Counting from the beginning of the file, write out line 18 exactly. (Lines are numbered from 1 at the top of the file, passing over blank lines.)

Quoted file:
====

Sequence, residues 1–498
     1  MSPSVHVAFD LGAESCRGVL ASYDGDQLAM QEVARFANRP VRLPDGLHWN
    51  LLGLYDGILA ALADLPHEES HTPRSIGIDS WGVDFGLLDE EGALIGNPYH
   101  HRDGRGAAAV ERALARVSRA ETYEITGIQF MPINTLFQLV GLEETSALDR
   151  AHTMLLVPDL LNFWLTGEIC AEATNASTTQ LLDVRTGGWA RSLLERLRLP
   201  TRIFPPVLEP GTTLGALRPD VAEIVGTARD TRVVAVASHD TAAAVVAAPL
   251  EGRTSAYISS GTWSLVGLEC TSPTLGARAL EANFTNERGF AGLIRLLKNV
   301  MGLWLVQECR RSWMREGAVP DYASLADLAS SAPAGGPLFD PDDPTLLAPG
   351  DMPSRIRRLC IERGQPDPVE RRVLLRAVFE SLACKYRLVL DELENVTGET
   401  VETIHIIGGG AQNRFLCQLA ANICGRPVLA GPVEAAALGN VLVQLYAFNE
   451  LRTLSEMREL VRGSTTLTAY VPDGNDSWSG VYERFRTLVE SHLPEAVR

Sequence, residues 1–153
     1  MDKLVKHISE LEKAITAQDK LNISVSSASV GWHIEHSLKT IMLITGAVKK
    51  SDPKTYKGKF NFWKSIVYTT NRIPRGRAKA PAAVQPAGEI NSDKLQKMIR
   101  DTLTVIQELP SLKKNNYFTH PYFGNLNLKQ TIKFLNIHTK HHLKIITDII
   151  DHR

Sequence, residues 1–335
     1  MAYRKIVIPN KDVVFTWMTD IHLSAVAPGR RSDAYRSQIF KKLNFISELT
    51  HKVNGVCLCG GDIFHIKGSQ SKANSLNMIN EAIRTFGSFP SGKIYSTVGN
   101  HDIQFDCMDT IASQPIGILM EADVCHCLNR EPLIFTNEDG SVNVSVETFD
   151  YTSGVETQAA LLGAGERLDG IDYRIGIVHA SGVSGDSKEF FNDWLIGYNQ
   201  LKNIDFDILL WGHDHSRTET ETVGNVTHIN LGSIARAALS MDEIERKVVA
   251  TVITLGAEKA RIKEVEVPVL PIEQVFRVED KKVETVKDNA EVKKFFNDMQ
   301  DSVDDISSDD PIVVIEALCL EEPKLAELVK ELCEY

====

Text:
     1  MAYRKIVIPN KDVVFTWMTD IHLSAVAPGR RSDAYRSQIF KKLNFISELT